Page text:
Synopses & Reviews
In early modern Europe, the circulation of visual and verbal transmissions of sati, or Hindu widowburning, not only informed responses to the ritualized violence of Hindu culture, but also intersected in fascinating ways with specifically European forms of ritualized violence and European constructions of gender ideology. European accounts of women being burned in India uncannily commented on the burnings of women as witches and criminal wives in Europe. When Europeans narrated their accounts of sati, perhaps the most striking illustration of Hindu patriarchal violence, they did not specifically connect the act of widowburning to a corresponding European signifier: the gruesome ceremonial burnings of women as witches. In examining early modern representations of sati, the book focuses specifically on those strategies that enabled European travelers to protect their own identity as uniquely civilized amidst spectacular displays of "Eastern barbarity."
makes an important contribution to the fields of early modern studies, post-colonial theory, and gender studies. Banerjee's approach is novel and innovative--one that reveals the Eurocentric limits of the existing early modern archive. Her analysis of the overlapping discourses of Hindu widow burning and European witchburning and ideologies of wifely conduct within European representations offers a fresh and original perspective on the ideological struggles of the period." --Jyotsna G. Singh, Michigan State University
"This lucid and engaging study of sixteenth and seventeenth-century European accounts of widow-burning in India begins by asking a provocative question: why did these writers fail to connect widowburning in India with witch-burning in Europe? Taking this silence as a starting point for her probing analysis, Pompa Banerjee traces the diverse cultural assumptions that made it possible for Europeans to read the spectacle of widowburning as the product of an alien, possibly devil-worshipping culture and as a compelling display of heroic self-sacrifice. Burning Women introduces the reader to a rich array of fascinating materials and expands our notions of the boundaries of early modern studies." --Deborah Willis, University of California, Riverside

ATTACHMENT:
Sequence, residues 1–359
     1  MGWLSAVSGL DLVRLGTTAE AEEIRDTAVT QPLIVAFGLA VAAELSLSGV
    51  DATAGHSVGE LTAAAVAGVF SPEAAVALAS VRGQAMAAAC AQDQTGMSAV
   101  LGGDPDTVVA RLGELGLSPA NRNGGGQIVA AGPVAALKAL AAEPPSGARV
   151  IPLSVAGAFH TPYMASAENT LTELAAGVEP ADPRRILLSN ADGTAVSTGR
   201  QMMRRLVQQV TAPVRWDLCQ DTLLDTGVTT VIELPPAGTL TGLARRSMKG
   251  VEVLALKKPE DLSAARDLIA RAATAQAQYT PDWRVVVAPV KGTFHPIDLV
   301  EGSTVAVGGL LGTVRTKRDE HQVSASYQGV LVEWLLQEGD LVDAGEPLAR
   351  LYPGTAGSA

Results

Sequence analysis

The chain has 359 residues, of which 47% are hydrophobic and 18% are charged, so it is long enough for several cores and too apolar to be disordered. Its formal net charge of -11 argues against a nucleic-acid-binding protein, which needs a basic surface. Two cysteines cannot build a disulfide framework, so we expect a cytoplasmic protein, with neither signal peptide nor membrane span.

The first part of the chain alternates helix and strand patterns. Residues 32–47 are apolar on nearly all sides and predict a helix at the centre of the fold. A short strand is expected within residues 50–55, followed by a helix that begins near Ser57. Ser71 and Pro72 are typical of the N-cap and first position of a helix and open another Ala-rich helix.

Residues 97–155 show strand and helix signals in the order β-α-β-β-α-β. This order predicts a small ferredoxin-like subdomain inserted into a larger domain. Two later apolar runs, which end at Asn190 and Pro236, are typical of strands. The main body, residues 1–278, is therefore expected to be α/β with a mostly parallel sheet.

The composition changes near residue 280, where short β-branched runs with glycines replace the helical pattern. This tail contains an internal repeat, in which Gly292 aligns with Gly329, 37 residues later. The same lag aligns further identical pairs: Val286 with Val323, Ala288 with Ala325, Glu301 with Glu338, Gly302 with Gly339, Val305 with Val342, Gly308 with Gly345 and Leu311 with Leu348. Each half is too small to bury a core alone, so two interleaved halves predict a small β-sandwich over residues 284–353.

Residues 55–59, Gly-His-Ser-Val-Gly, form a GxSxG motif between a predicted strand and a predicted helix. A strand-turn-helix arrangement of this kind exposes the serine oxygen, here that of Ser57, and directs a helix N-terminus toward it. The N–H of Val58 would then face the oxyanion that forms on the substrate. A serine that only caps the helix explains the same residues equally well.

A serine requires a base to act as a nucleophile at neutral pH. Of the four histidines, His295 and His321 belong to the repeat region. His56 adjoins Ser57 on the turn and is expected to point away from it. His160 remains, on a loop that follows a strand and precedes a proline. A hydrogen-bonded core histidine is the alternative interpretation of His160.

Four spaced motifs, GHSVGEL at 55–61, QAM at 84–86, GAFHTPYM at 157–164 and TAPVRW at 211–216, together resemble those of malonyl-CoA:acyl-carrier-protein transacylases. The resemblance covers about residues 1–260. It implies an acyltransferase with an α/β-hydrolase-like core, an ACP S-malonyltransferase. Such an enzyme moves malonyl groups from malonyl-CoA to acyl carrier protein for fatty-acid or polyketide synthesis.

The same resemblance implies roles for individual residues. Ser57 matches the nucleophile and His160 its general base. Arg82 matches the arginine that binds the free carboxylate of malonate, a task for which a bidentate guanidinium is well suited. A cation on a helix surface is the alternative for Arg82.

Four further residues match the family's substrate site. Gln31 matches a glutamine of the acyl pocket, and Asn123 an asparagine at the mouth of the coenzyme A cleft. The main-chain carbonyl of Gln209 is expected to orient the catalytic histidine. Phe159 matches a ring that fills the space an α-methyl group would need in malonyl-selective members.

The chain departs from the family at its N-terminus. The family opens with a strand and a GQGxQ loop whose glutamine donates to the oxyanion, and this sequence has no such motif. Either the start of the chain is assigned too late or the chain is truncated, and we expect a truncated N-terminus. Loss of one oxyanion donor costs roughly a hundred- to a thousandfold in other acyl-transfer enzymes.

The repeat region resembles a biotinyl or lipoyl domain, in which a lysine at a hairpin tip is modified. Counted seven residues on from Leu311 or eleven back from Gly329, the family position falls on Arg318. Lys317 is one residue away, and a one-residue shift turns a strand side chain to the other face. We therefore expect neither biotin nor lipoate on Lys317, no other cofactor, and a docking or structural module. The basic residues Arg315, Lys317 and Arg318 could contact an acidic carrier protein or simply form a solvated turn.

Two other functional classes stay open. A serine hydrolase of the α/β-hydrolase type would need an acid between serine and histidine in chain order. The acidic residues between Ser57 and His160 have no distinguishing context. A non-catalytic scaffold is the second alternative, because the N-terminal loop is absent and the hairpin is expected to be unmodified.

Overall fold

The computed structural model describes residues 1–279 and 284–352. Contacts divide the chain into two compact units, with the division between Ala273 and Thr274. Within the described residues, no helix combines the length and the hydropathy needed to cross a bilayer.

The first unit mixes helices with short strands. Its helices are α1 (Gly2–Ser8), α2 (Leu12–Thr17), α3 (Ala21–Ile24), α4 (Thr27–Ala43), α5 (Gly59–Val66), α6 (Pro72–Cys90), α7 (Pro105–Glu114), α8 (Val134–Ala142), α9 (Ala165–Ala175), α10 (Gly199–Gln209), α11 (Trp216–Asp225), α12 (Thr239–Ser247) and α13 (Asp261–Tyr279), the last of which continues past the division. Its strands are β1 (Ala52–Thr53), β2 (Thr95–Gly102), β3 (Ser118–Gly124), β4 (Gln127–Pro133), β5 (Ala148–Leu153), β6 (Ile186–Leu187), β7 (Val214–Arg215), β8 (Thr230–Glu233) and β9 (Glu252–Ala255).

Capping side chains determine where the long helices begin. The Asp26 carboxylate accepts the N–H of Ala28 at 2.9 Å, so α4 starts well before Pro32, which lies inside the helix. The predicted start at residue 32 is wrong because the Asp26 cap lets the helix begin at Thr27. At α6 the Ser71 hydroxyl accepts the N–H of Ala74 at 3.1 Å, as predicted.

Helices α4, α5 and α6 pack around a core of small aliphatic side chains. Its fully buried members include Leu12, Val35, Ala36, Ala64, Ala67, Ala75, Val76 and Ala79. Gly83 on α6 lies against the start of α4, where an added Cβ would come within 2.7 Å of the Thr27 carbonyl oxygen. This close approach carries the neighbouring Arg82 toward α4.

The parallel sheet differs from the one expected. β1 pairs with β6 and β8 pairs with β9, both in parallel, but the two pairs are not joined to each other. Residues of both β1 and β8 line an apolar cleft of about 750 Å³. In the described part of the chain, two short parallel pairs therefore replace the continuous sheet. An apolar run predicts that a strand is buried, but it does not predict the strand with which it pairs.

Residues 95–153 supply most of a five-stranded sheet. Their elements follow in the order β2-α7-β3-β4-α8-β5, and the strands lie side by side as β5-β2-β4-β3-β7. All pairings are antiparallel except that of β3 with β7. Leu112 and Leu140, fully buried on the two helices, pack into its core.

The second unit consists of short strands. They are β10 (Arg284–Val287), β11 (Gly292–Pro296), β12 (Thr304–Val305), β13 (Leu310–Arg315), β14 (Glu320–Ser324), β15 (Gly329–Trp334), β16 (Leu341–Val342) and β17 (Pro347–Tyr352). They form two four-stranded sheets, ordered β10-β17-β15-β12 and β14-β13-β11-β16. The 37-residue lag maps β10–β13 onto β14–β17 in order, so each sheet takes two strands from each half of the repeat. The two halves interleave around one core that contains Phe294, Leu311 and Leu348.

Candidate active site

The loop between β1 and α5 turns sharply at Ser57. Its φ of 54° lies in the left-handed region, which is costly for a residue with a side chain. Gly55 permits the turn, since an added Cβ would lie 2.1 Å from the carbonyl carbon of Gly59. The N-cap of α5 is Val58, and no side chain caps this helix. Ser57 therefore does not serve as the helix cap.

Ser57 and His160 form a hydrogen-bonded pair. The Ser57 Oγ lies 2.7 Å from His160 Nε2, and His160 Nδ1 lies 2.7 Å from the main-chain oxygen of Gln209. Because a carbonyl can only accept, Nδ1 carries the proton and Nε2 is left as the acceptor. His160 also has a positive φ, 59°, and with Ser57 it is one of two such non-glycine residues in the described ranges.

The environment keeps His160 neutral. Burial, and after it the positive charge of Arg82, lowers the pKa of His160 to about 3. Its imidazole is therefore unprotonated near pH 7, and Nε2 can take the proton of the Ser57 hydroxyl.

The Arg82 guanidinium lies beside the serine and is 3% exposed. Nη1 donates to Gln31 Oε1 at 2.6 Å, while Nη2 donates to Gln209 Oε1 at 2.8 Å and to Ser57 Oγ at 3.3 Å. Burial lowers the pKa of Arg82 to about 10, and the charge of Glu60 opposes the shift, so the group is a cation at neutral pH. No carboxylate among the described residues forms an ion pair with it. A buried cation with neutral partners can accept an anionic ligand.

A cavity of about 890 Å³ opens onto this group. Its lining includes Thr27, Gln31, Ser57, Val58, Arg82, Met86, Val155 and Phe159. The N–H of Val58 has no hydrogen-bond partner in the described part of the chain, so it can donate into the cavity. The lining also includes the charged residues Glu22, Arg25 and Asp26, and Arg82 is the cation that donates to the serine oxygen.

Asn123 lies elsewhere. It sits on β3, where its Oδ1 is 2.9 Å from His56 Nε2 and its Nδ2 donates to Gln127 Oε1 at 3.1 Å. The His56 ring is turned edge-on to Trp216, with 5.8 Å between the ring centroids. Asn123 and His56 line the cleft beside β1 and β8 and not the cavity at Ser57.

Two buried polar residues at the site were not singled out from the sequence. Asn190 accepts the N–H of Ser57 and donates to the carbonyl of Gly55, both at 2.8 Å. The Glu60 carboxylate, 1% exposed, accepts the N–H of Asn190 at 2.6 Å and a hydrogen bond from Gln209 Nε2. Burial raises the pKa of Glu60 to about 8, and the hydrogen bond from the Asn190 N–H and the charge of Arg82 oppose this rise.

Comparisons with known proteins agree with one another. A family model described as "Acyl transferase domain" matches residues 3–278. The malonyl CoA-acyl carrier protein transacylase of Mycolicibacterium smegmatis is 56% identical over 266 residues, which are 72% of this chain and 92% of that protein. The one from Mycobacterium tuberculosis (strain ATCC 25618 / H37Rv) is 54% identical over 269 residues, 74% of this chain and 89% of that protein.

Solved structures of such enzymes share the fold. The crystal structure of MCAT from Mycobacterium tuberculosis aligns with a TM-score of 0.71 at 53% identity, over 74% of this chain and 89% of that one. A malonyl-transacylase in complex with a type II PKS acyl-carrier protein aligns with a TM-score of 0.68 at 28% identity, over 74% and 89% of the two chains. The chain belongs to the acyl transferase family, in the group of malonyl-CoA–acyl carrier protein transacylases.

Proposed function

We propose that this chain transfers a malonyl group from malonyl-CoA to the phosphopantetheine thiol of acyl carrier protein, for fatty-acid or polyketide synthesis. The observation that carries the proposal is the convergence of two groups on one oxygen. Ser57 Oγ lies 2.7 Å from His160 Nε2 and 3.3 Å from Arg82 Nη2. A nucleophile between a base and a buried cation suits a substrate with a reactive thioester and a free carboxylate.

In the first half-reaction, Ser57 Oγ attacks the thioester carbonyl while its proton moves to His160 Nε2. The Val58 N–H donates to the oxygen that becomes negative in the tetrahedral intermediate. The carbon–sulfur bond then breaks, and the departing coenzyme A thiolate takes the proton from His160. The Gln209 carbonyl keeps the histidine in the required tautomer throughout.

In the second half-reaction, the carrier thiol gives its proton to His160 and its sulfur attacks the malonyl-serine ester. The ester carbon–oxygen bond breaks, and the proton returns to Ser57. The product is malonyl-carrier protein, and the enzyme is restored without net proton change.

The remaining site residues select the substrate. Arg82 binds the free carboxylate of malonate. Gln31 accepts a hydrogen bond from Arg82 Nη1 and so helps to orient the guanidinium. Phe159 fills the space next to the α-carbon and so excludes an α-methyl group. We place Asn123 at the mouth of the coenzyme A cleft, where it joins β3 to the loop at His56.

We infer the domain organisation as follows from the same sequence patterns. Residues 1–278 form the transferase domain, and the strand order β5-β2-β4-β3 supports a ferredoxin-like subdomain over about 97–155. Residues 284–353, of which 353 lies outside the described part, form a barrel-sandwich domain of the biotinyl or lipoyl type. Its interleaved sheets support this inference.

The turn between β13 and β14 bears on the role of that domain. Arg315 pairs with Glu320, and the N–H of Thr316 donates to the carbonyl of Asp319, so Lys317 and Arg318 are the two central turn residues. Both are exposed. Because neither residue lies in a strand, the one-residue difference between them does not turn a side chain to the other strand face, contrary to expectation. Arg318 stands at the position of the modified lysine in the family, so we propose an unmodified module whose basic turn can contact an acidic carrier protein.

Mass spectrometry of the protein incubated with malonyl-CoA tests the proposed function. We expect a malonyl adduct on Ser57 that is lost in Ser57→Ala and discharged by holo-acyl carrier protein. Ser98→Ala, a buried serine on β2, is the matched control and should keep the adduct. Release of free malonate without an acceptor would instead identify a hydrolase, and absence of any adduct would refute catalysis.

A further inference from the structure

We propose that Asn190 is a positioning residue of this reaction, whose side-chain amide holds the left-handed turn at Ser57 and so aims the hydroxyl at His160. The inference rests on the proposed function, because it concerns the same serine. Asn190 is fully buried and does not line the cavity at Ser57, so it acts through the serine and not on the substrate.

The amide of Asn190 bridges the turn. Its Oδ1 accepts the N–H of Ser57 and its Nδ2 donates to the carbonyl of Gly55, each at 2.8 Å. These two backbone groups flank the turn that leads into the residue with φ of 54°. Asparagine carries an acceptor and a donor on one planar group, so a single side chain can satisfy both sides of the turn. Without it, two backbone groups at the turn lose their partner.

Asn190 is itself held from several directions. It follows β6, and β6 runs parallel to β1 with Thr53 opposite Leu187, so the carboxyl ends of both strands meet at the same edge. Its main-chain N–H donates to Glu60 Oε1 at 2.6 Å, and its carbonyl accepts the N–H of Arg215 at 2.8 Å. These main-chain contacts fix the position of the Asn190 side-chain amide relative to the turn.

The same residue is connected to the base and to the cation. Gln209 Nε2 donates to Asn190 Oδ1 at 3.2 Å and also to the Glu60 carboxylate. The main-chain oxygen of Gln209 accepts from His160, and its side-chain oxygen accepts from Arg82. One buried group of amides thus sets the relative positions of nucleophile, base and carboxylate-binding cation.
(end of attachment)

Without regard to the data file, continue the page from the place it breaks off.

Includes bibliographical references (p. -267) and index.
Pompa Banerjee explores early modern accounts and images of burning women bringing together travellers' accounts on sati in India with the burning of witches in EM Europe, a link that contemporary observers studiously repressed. Ultimately, she's interested in how these practices speak to issues of the punishment of women and ideological debates about the proper behaviour of wives and widows.
About the Author
teaches at the University of Colorado at Denver. She is especially interested in the cross-cultural potential of early modern European encounters with cultural difference in Asia, America, and Africa.
Table of Contents
Introduction * Renaissance Crossings; Widows, Witches, and Forms of Literary Haunting * Under Western Eyes: Sati and Witches in European Representations * Instructions for Christian women: The Sati and European Widows * Disorderly Wives, Poison, and the Iconography of Female Murderers * Civility and “dying” to Speak: the Sati, Fetish, and History